Kane Street Impaled Pumpkins – Brooklyn, New York - Atlas Obscura

Kane Street Impaled Pumpkins

For 20 years, local pumpkins have met their fate on the iron fence surrounding this Cobble Hill home. 


It was October 1998 when artist Jane Greengold conceived of a special use for the spiky fence guarding her home in Cobble Hill, Brooklyn. As she looked out over the enclosure where Kane Street and Strong Place intersect, it dawned on her: Why not adorn the fence with grinning, howling, shrieking pumpkins in the spirit of Halloween?

Together with the building’s owner, Chip Gray, Greengold impaled some 100 little pumpkins, carved to display a range of reactive facial expressions on each iron prong, and left them to rot away until Christmas. The dozens of decomposing mini jack-o-lanterns were a sight to behold around this stately home, and subsequently made 176 Kane Street one of Cobble Hill’s best-known residences. 

Little did Greengold know at the time that she had inaugurated a two-decade Halloween tradition, by which she would continue to serve up a new batch of impaled pumpkins each year. After a three-year interlude following Greengold’s 2013 move to Fort Greene, Brooklyn, the community mobilized to reinstate the beloved ritual in 2017. 

Greengold mounted a list of specific pumpkin-impaling instructions on the fence: Contributors were to carefully select pumpkins no larger than five inches in diameter, oblong in shape, and soft enough to cut into their bottoms. Participants came in droves between and 3 p.m. and 7 p.m., as specified, for Greengold to exhibit their creations in front of her former home. She and Gray united forces to kickstart the event with 100 of their own carved pumpkins for old times’ sake.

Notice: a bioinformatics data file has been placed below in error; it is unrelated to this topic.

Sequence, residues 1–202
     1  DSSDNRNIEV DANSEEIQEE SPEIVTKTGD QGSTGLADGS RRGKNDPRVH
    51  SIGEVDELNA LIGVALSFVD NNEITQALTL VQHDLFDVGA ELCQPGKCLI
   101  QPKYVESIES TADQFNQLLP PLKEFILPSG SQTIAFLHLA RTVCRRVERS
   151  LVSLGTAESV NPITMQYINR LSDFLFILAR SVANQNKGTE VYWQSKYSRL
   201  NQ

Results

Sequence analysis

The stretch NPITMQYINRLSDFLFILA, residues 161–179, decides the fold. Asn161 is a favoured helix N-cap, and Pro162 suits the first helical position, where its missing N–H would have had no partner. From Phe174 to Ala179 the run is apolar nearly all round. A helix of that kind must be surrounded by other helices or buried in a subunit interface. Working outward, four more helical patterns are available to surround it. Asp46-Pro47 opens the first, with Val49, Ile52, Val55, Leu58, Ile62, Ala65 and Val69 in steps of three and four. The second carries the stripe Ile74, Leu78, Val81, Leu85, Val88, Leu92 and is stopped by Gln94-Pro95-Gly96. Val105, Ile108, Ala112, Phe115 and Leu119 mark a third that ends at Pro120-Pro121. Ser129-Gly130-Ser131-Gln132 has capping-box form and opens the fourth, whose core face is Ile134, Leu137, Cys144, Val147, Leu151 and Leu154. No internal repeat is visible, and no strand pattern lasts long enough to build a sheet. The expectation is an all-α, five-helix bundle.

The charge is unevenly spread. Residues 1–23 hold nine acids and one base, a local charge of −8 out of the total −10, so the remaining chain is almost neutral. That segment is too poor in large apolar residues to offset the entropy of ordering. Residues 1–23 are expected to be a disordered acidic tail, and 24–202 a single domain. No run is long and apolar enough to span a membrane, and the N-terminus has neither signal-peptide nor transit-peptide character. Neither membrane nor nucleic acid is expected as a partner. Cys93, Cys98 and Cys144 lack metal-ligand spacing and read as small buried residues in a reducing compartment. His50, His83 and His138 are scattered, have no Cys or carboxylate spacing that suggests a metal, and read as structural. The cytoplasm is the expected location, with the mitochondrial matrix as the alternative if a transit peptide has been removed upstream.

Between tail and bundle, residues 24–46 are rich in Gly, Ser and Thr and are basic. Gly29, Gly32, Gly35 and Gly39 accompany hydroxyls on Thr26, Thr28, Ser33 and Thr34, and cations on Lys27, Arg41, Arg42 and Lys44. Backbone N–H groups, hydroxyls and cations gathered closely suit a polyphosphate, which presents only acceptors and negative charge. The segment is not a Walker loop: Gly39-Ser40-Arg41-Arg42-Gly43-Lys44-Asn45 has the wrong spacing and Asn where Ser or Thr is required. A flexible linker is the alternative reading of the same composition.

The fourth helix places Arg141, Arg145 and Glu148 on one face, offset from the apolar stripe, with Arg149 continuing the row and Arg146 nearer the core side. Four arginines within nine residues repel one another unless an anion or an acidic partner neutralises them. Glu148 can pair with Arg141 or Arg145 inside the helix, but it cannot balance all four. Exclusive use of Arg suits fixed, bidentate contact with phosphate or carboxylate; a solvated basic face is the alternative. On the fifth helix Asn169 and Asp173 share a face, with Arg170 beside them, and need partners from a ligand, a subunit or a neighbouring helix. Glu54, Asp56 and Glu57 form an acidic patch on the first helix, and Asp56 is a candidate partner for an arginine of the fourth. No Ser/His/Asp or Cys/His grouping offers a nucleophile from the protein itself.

A new record was set that year with 74 donated pumpkins, but Greengold’s pursuit is a pumpkin for each of the fence’s 274 spikes. She crept closer to her goal the following Halloween with a total of 244 pumpkins impaled in 2018. What’s left of the survivors are still withering on their posts.

Know Before You Go

In recent years, the pumpkins have been left to rot until around Easter. The best time to view the pumpkins is from Halloween night onward. The building is an active residence, so viewers should come respectfully.

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